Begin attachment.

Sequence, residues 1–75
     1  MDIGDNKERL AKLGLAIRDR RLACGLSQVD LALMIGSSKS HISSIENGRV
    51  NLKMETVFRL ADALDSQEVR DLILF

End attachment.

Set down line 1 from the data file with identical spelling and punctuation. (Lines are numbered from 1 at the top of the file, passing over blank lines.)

Sequence, residues 1–75